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Hi, I’m Ousmane

I left Mali for Algeria to look for work. I worked in construction and hoped for more work and better pay there.

I stayed in Algeria for six months and saved some money but as a sub-Saharan African I faced a lot of racism from the other workers, which was hard.

I have a sister in France and thought life would be better there. I left Algeria to go to Morocco and stayed there for a few months, trying to find a way to cross over the Mediterranean Sea to Europe.

Finally, a cousin sent me some money so that I could go on a safer and better boat. I tried three times with the boat, before being able to finally cross.

Discover my story


Ousmane’s story is inspired by a testimonial in PICUM (2020), Removed: Stories of hardship and resilience in facing deportation and its aftermath.

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Arrival in Europe

When our boat arrived on the Canary Islands, we were brought to a detention centre near the coast. There, we were detained for five days.

They asked me a lot of questions about how I got to Spain, and who helped me. All the time, I was asking for a lawyer, but I only met one when I was released and brought to mainland Spain three days later.

From mainland Spain, I made my way to France to find my sister. I was so happy to see her. I told her what happened to me, and that in the detention centre they had fingerprinted me and taken all my information.


Fingerprint control in detention

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Eurodac is a database created in 2000 to store the fingerprints of people who apply for asylum in the EU to determine which member state is responsible for processing their asylum application. The personal data of people who are apprehended for crossing an external border without proper documentation can also be stored for up to 18 months, even if they do not apply for asylum.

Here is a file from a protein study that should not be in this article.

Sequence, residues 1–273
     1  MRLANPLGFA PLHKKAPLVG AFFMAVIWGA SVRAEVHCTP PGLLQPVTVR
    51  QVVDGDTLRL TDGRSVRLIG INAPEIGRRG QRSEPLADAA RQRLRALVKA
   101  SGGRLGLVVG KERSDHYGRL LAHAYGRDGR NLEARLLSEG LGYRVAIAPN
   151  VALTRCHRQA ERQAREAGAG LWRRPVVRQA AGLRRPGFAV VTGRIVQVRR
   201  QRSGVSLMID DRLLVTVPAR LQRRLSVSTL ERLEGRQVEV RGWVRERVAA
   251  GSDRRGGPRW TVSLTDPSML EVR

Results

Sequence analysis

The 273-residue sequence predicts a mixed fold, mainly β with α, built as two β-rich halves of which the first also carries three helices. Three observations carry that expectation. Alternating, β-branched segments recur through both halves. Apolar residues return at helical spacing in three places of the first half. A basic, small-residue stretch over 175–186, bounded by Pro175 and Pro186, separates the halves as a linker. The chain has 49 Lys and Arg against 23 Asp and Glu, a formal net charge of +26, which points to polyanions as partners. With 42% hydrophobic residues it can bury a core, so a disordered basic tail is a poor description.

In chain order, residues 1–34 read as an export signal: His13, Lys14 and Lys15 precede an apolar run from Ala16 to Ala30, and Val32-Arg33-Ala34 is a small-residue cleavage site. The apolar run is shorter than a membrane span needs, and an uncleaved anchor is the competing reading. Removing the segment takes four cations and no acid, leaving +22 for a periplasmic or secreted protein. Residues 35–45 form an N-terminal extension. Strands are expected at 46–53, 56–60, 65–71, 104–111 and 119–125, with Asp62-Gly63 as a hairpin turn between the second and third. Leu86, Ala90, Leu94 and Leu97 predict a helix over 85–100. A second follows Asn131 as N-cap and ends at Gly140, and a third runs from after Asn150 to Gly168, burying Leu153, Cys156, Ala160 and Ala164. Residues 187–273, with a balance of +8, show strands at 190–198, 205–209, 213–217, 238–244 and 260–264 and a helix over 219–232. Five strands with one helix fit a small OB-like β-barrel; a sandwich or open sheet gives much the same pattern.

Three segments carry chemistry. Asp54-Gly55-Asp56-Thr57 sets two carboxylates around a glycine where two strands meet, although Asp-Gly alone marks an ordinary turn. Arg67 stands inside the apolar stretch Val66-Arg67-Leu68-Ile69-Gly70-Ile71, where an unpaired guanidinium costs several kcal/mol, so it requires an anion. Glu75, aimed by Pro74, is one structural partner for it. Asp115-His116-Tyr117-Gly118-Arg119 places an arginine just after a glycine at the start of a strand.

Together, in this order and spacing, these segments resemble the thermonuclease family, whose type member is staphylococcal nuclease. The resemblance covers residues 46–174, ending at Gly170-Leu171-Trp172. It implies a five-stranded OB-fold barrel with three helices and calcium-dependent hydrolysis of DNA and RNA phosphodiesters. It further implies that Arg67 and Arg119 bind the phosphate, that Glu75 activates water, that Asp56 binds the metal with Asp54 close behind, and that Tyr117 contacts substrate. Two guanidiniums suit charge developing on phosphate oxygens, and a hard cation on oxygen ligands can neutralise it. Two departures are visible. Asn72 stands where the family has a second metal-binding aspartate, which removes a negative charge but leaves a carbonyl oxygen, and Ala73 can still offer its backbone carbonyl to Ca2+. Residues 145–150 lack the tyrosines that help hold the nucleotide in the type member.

Eurodac is one of several migration databases that are part of the EU’s interoperability framework.



Proposed changes to Eurodac, still being negotiated by EU lawmakers, would extend from 18 months to 5 years the length of time that the data of a person apprehended at the border can be stored, to make identifying and deporting them easier. The proposals would also lower the age limit of people from whom fingerprints are required, from 14 years to 6.

In addition to fingerprints, the proposals would extend the type of information stored to facial images, biographic data, time and place of a person’s apprehension or application for international protection.

For more information, see Statewatch (2019), Data protection, immigration enforcement and fundamental rights: What the EU’s regulations on interoperability mean for people with irregular status.

To continue Ousmane’s journey
please click on the fingerprint

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Life in France

My goal was to work as an electrician. I worked in a restaurant to be able to pay for the training I would need and to help support my sister and me. I began to settle into life in France.

One day, the police stopped me at a bus station in Paris when I was on my way home and demanded my ID, for no reason at all. [1] I didn’t have any on me so they took my fingerprints on a mobile device. I didn’t have time to call my sister and no one offered to let me speak to a lawyer. I felt alone and afraid.